Rowland Unified gets millions in grants for green school buses
Rowland Unified School District is taking steps to turn its big yellow school buses green.
The district recently received $2.5 million in grants to buy cleaner buses. The new buses are fueled by compressed natural gas, known as CNG, eliminating the dirty diesel that powered the old buses.
Rowland Unified sees the buses as one more step in its green initiative. Studies show CNG buses emit significantly less pollutants such as carbon dioxide, carbon monoxide and nitrogen oxides.
"When we heard about the California Air Resources Board's school bus program, we applied for six new buses through the (South Coast Air Quality Management District)," explained Keith Moore, the school district's director of transportation. "We'll receive another nine buses before the end of the year."
The Air Resources Board is trying to reduce children's exposure to the cancer-causing pollutants that foul the air.
A landmark government health study released earlier this year provided evidence that diesel engine exhaust that pervades California highways could be causing cancer at a greater rate than previously known.
The long-term study, carried out by the National Cancer Institute and the National Institute for Occupational Safety and
The Air Resources Board is helping school districts replace older gross-polluting diesel buses with clean alternative fuel models.
Proposition 1B approved by voters in 2006 provided $200 million for replacing and retrofitting school buses.
So Rowland jumped on the bus and got nearly $2.5 million for 15 CNG buses. It's replacing nearly half its fleet of 42 buses with glistening yellow buses that will not only help the air, but save the district money.
"With the new CNG buses, we expect to cut our fuel costs by a third over the next three to five years," Moore said.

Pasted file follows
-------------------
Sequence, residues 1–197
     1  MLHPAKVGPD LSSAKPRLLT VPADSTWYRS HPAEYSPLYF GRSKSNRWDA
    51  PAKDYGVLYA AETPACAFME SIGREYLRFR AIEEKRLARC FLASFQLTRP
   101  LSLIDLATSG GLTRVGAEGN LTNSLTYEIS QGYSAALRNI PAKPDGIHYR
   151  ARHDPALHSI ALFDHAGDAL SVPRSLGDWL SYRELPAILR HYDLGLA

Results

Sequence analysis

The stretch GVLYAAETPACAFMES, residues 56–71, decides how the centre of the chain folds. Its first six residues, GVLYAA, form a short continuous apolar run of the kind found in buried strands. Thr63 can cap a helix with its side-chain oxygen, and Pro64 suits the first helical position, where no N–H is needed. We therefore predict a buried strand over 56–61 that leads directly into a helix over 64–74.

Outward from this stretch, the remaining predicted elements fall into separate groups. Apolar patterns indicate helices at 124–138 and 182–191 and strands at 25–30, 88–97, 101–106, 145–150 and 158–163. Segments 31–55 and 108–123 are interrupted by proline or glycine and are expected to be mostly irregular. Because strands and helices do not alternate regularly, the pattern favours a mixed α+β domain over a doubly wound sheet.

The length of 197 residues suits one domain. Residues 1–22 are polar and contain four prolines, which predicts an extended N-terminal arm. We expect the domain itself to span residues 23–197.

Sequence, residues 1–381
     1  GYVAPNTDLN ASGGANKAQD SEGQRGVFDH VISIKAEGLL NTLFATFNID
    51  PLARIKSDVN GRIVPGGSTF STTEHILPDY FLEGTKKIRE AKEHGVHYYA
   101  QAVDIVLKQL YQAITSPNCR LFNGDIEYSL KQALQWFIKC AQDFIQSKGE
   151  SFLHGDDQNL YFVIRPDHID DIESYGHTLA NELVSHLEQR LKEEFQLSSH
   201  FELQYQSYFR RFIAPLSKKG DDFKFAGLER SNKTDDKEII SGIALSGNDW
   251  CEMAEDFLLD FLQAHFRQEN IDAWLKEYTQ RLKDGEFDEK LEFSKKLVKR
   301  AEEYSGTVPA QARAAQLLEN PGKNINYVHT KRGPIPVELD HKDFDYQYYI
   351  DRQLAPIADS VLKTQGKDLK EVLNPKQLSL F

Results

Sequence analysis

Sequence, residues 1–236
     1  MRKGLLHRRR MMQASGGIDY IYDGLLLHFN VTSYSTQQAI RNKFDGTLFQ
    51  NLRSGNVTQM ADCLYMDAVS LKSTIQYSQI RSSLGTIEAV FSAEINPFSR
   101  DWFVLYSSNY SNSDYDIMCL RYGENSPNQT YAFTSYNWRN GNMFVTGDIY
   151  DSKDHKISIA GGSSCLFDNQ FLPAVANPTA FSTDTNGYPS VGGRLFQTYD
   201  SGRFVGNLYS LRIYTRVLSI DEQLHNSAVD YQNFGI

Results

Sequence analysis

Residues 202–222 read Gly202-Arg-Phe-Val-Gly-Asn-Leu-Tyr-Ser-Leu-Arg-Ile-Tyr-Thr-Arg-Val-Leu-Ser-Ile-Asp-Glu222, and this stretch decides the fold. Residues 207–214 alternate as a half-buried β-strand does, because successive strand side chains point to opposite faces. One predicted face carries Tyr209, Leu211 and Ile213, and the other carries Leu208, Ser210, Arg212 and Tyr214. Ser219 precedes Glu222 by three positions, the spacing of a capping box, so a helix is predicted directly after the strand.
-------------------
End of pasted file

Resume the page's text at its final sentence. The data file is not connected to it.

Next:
He noted the district will pay the equivalent of 97 cents a gallon for CNG versus $2.42 a gallon for diesel at the pump through state tax incentives.
And the price of the buses was right.
"The Blue Bird buses have a manufacturer's full retail price of $210,000. The district had to contribute $15,000 toward the cost, but later we got a $14,000 rebate, so the
The new machines are not only a marvel of green technology, they're much safer and more comfortable.
"You don't have to slide the windows down to get air on a hot day," Moore said. "The new buses have air conditioning."
There's also gas leak detectors that automatically shut off the four large gas tanks located underneath the bus. A fire suppression system guards the engine bay in back.
"These buses have been proven safe. In the past 11 years, there have been no fatalities or major fires on them," Moore pointed out.
Inside, 70 students will sit on fully-padded flame retardant seats with three-point seatbelts. In case of an emergency, there are four emergency exits as well as two large roof vents.
"These buses have so many safety features such as a GPS system that allows us to track them. We can even monitor how fast they're traveling or if they're stopped," Moore said.
Earlier, Rowland got $600,000 for four buses for special-needs students through the federal Individuals with Disabilities Education Act.
These buses even have a student tracking system that allows the district to tell where students get on and off the bus. A large open area in the middle of the bus holds up to six wheelchairs.
Two-way radios allow bus drivers to contact district dispatchers whenever they need to. And a sophisticated video system with four cameras records all the activity inside and outside the bus.
"In case of an accident or incident, we can play back the video footage to see exactly what happened," he said.
Even the bus mechanics seem happier with the CNG buses.
"When we check the oil it's as clean as when we put it in, so we may get four to five times the interval between oil changes," said John Pellegrin, Rowland's vehicle maintenance supervisor.
Pellegrin attended a special four-day course at Cerritos College sponsored by the Southern California Gas Company and the AQMD. The mechanic has given the big yellow buses the greenlight to start rolling on Aug. 20.
626-962-8811, ext. 2801